TAOISEACH Enda Kenny has promised to consult with the Seanad about reforming it – after insisting one week ago that it was "unreformable".
Mr Kenny changed his approach after voters rejected his plan to abolish the Seanad with a 51.7pc majority in last week's referendum.
"I am up for engaging with the leaders in the Dail and the Seanad and we will see what is the best way of putting in place a process that will lead to a more effective Seanad," he said.
Mr Kenny had previously said he believed that the Seanad was "unreformable" because nothing had changed after 75 years and 10 separate reports on Seanad reform.
The Government is now relying on the new consultative process to come up with a new Seanad reform plan.
Mr Kenny specifically mentioned the prospect of introducing legislation to extend the voter base for the six university seats include all college graduates in line with a referendum held "almost 30 years ago".
But he is not willing to hold another referendum to approve more wide-ranging Seanad reforms.
The Government is going to implement almost all of the Dail reforms it promised in the event of the abolition of the Seanad. There will be longer working hours and a new public consultation process on all proposed bills.
However, the Government will not be giving more powers to Dail committees or more committee chairs to the opposition until after the next election on the grounds that it would be too disruptive.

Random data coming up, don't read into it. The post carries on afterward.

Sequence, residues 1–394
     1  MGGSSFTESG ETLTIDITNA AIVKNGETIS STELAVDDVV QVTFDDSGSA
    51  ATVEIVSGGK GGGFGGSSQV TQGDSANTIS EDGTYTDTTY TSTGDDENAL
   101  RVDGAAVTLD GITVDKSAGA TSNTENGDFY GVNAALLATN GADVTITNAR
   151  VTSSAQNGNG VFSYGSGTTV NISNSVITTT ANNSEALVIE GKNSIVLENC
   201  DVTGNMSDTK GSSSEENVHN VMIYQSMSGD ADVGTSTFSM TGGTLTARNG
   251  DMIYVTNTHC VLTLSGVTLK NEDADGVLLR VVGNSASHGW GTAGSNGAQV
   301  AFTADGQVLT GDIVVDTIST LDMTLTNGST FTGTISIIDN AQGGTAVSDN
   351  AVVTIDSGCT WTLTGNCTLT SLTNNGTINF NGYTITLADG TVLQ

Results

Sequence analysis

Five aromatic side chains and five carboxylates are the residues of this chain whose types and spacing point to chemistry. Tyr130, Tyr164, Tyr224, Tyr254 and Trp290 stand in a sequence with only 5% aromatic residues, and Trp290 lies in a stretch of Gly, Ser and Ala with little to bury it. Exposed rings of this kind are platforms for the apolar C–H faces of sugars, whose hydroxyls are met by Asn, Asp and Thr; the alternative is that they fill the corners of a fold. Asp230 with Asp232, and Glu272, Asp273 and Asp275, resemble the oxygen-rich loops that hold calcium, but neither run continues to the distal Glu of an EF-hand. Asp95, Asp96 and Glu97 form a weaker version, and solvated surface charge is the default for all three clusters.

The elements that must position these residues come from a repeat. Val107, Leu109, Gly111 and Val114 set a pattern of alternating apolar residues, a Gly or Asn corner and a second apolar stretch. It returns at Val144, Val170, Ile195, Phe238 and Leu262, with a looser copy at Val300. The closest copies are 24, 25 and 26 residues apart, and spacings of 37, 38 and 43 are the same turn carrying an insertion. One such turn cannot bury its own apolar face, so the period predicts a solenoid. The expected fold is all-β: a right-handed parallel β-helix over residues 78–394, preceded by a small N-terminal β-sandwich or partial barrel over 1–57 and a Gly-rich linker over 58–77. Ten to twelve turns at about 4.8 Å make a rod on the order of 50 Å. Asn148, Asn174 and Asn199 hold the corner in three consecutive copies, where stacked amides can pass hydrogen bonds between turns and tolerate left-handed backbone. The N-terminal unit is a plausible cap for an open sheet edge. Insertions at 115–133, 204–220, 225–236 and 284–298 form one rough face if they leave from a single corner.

The only reform which has been axed is a new legislative stage to check bills before they were made law – which is no longer needed now that the Seanad is remaining in place.
Fianna Fail leader Micheal Martin criticised Mr Kenny in the Dail, saying he had not consulted with people on his plan to abolish the Seanad or his proposed Dail reforms.
"That's why you got the wallop," he said.
Mr Kenny later took part in a Dail debate with eight Fine Gael TDs, including members of the party's rebel "five-a-side club", about his plans for Dail reform.
They such as Eoghan Murphy and Brendan Griffin.But Mr Kenny quickly shot down a suggestion from Eoghan Murphy to relax the whip system which forces TDs to vote along party lines.
He warned that it might scare off international investors because they would be worried that the Government could collapse at any moment.
"You can't have instability – what might be one person's crisis of conscience is another's political crisis," he said.
Mr Kenny did say that it might be possible for government TDs to give their views freely on bills at an early stage.
But he said that government TDs would still be expected to support government bills.
Ironically, the Dail debate was chaired by former Fine Gael TD Peter Mathews – who was one of five TDs kicked out of the parliamentary party by Mr Kenny for voting against the abortion bill. He resigned as a member of Fine Gael last week.